Gellius Noctes Atticae 1.24.3
epigramma Plauti, quod dubitassemus an Plauti foret, nisi a M. Varrone positum esset in libro de poetis primo:
postquam est mortem aptus Plautus, Comoedia luget
scaena deserta [est] [est] Orelli (see E. Courtney,The Fragmentary Latin Poets (Oxford: 1993), 48-9).; dein Risus, Ludus Iocusque,
et Numeri innumeri simul omnes conlacrimarunt A deliberate pun: ‘countless rhythms all wept together’ (cf. Lucr. 2.1054) but also ‘rhythms all simultaneously losing their rhythm wept’ (cf. Courtney, 49)..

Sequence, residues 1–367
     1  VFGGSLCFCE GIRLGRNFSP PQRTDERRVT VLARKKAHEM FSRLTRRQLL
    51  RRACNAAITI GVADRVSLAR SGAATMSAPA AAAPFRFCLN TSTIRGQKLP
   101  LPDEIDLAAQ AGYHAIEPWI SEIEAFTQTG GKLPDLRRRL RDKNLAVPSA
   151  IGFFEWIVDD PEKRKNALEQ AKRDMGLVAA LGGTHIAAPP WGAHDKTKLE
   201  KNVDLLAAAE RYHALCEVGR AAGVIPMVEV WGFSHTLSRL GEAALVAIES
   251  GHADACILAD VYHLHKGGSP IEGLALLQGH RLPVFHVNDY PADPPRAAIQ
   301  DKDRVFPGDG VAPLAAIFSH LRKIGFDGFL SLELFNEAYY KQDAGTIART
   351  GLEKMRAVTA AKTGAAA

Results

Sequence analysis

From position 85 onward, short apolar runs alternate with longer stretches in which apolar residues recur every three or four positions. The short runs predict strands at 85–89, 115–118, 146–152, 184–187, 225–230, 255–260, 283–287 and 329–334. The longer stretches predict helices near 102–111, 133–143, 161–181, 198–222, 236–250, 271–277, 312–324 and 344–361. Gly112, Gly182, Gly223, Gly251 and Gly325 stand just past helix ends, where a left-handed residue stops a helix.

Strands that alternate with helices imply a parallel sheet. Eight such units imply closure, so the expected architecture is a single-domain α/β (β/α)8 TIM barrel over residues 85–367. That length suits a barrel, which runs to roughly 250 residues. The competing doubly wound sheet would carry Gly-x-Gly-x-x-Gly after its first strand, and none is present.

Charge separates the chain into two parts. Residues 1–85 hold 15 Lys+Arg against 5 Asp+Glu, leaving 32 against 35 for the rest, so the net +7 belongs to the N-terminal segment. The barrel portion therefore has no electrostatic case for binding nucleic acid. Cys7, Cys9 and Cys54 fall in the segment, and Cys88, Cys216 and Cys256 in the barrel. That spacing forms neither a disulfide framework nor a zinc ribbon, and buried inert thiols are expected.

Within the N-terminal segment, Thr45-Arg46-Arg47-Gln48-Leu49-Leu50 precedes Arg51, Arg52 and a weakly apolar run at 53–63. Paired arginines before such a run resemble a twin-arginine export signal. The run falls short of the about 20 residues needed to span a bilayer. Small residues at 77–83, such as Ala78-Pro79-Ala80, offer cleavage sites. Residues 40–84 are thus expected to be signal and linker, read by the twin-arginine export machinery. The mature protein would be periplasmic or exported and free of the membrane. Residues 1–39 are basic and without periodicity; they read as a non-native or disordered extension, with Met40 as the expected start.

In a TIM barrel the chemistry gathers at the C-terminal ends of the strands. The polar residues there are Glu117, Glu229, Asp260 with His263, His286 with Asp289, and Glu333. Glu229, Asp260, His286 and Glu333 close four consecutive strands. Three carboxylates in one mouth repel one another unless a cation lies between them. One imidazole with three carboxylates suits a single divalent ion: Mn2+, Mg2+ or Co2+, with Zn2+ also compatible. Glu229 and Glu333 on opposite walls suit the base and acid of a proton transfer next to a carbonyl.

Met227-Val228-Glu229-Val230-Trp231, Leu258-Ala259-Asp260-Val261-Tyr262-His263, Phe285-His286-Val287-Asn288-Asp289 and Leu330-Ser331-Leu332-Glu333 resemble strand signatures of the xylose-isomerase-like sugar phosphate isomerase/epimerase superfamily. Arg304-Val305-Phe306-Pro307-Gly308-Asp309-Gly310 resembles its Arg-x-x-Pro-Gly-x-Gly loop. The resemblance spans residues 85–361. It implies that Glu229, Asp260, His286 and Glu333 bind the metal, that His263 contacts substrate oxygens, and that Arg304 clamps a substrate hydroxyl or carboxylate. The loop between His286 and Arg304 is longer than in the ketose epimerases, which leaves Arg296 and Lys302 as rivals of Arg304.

We would doubt whether the epitaph of Plautus were really by the poet, if Marcus Varro had not quoted it in the first book of On Poets:
‘Since the death of Plautus, Comedy has been in mourning because the stage is deserted: then Laughter, Play, and Wit, and countless rhythms all wept together’.